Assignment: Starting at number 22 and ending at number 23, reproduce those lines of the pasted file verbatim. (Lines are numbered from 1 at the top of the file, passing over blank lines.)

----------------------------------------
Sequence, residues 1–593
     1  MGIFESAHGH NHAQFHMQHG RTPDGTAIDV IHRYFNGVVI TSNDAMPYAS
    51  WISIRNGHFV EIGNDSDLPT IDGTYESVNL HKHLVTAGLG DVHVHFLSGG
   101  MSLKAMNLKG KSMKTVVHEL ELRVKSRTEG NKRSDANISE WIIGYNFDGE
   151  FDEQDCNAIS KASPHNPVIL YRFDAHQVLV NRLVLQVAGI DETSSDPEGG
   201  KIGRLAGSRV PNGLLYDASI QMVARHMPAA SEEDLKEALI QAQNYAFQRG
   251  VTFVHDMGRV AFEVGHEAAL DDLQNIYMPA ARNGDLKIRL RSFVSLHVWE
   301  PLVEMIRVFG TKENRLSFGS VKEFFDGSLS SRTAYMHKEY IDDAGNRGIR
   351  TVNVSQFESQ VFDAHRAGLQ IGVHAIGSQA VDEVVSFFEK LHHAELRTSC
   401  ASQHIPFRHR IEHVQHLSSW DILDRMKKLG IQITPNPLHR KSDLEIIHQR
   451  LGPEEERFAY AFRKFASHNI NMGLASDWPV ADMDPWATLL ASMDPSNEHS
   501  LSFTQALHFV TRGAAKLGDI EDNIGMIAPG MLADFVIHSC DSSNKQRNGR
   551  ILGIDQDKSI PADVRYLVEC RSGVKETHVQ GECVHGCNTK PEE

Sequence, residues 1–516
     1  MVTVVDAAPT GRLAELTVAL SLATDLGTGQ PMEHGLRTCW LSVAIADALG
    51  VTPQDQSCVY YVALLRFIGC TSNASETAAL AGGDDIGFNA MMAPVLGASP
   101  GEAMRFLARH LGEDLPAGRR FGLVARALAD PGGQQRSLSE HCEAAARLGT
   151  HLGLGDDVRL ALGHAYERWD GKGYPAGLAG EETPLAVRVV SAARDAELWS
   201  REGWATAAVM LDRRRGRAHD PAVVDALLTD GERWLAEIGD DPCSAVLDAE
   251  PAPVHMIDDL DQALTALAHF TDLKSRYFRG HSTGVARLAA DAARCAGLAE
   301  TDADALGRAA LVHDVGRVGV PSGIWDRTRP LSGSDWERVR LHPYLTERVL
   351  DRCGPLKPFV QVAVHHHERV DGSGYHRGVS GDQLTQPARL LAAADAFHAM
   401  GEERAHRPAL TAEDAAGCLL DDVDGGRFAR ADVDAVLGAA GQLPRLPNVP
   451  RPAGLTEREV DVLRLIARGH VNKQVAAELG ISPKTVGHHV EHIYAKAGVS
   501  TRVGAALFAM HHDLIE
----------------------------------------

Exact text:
   351  DRCGPLKPFV QVAVHHHERV DGSGYHRGVS GDQLTQPARL LAAADAFHAM
   401  GEERAHRPAL TAEDAAGCLL DDVDGGRFAR ADVDAVLGAA GQLPRLPNVP